Bullpen of Inside Sales
Kurt Uhlir: 20:16 I think, from a scaling perspective, I mean, when I came onboard, we were growing pretty quickly and we’d not started inside sales team yet. So it was starting to create that, kind of, bullpen of inside sales, and there was a hyper focus on that mid-market sales to start going and having an environment where they thought it was fun … Margarita machines in on Thursdays.
That was great for the team environment, but it also created a little bit of a clique within the larger organizations. So, I think what we did well is we created, yet, another team within the organization that grew really well and achieved their numbers and loved each other. A lot of those people work together, today, at other companies, now. But we did, kind of, create a clique within the larger organization, then. I wish we wouldn’t have necessarily done that, as well.
Josh Sweeney: 21:05 Yeah, I know we talk about it a good bit for larger organizations, ’cause I always get the question like, “Well, how do you balance culture?”, when the organization, as a whole, has a culture, but there’s what we call sub-cultures. Right? There’s a different vibe when you walk in a marketing department, versus a sales, versus operation and dev … and those need to be that way for a lot of different reasons, but you, kind of, have a over-arching theme on what you will and will not tolerate as an organization.
Kurt Uhlir: 21:33 Yeah, and at Vitrue, we did do a good job of overall keeping, still like, a family. It felt like a family. It may be smaller families together, but still, it was a big extended family in a lotta ways. In a lotta ways, that was led by Reggie Radford. Where he would bring in one to two of his kids every Friday, into the office. That made other employees consistently feel like they could do the same. So people have a lot more headphones on, on Fridays, working, but you also knew you were working for something else.
Josh Sweeney: 22:03 What are some other things that you guys did at Vitrue that you felt were unique or that gave people the permission to be themselves, like bringing their kids in or anything else? What are other examples?
Kurt Uhlir: 22:17 We were really focused on mission first. There were things that needed to be accomplished. At that time, we were one of the two only platforms in the market for big brands to do to manage everything they did on social media. If you think about [PRocter 00:22:30] & Gamble. Everything they did on Facebook, Twitter, or Pinterest, in any language anywhere in the world, went through our platform. So it was really us and our competitors and a bunch of other, kind of, running at the same time companies.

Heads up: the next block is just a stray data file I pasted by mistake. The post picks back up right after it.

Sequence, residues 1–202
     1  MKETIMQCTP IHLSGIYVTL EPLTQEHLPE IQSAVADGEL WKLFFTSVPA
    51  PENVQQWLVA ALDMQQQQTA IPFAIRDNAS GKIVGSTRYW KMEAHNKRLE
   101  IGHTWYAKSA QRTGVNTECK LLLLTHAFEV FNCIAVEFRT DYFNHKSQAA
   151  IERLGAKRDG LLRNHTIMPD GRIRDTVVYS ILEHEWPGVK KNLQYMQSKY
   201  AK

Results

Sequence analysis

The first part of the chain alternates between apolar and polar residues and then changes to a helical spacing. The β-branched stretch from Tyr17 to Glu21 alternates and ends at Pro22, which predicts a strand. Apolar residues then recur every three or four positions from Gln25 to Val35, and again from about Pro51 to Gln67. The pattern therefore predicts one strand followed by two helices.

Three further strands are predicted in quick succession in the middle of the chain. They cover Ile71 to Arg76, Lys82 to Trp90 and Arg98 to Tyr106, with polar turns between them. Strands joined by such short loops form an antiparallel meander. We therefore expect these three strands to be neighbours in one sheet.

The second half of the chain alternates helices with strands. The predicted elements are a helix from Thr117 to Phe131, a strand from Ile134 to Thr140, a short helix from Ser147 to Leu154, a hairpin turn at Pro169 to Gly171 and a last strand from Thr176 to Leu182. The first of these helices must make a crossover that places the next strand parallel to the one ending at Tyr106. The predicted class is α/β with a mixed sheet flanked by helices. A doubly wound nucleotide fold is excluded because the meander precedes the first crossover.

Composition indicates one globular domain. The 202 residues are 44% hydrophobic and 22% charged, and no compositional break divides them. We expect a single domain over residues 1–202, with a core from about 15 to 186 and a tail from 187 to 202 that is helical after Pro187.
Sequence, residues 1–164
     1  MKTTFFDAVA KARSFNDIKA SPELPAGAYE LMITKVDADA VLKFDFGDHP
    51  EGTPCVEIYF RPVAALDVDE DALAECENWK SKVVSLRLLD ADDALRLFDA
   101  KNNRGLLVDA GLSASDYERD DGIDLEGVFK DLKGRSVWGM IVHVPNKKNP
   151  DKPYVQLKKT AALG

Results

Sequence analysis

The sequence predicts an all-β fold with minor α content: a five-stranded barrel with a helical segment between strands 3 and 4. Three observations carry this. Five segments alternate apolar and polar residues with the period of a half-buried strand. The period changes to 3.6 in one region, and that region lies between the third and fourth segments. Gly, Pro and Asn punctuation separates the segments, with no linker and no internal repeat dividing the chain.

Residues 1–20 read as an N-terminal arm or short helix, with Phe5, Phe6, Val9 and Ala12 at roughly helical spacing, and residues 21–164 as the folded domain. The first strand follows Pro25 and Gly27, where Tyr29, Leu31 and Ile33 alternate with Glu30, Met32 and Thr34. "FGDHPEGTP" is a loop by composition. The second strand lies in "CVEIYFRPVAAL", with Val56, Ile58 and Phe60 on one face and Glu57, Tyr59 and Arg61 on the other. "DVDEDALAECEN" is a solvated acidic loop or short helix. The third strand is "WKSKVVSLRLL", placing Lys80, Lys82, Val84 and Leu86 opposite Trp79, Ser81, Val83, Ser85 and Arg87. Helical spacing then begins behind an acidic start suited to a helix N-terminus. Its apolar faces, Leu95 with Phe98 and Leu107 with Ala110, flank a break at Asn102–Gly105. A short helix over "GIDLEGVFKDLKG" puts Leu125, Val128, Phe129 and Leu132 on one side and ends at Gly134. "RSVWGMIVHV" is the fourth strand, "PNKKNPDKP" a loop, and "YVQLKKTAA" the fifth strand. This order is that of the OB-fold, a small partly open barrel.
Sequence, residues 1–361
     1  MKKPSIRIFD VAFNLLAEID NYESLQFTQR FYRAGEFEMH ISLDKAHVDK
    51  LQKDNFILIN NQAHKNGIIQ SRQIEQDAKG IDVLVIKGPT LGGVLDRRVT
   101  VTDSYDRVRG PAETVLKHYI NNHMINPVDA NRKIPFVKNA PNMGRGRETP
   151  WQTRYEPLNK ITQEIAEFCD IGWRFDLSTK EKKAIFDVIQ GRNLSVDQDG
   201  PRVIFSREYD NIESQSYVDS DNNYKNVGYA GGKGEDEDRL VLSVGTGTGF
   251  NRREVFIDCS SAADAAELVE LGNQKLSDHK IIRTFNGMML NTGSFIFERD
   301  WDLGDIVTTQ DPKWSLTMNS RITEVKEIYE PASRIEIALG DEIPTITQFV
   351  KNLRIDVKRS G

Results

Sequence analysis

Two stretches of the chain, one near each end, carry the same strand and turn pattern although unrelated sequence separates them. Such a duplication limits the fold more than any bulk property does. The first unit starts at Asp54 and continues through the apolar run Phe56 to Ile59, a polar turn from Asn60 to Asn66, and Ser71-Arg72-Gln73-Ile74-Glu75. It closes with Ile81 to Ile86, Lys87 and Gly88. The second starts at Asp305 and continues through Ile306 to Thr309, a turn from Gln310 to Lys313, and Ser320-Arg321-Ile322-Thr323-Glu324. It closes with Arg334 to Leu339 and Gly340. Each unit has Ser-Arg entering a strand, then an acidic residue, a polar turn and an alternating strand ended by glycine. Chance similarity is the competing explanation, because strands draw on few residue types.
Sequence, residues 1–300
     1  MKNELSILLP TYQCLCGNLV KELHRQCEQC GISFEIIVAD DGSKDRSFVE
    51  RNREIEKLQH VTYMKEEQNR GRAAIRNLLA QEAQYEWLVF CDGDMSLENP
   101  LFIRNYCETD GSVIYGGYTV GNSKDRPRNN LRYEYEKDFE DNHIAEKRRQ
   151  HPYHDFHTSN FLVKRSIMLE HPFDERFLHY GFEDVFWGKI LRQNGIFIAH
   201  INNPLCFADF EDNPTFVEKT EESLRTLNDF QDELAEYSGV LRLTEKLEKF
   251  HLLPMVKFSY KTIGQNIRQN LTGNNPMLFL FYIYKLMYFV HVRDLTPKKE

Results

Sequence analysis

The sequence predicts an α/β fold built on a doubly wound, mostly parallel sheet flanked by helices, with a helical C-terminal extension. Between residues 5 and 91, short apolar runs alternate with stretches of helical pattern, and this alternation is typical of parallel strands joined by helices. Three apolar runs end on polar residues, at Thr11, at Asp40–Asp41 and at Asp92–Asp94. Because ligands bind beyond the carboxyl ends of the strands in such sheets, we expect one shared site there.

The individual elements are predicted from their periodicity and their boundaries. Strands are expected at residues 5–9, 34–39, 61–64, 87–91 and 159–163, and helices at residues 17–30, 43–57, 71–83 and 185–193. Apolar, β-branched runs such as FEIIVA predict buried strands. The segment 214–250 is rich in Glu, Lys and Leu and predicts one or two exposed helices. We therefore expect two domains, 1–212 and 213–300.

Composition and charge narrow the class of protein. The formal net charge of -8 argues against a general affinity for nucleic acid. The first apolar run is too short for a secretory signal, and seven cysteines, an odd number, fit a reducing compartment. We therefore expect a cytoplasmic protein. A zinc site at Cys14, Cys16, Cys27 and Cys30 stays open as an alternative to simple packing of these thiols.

When it’s just two companies and there’s a lot of money and fast growth, every feature that comes out is an important thing ’cause people will switch. We had a lotta hard goals, but they were always kept front and center. That’s what was focused on and a lot of other teams, too, like [Cappy Chandler 00:23:03], who’s not the CFO of [Terminis 00:23:05]. People that were very much mission-focused, making sure we were hitting numbers, but cared about people.
Josh Sweeney: 23:10 Got it. So, in caring about people, you have some core values. I’m gonna name a few of your core values, and I wanna know a little bit about, maybe, where they come from and what they really mean to you. So let’s start with one near and dear to my heart, “Metrics Matter.” So we do a lot of metrics and measurement before we do a culture initiative and that’s one of our unique aspects of our businesses. We measure first, then we implement. So where does Metrics Matter come from? What does that mean to you?
Kurt Uhlir: 23:41 Yeah, for me, it does come, fundamentally, just from a numbers perspective. People play different when you keep score. Even if I have friends over to play poker, we’re play-
Josh Sweeney: 23:52 There’s no chips involved-
Kurt Uhlir: 23:52 If there’s no chips involved, it can be $50. That’s still something different. It was at a company called [Naptak 00:24:01] that’s now called, [Here 00:24:01]. We took the company from $85 million a year in revenue and, in ten years, took it to $1.22 billion with a public offer and then, later, getting bought for a much larger number.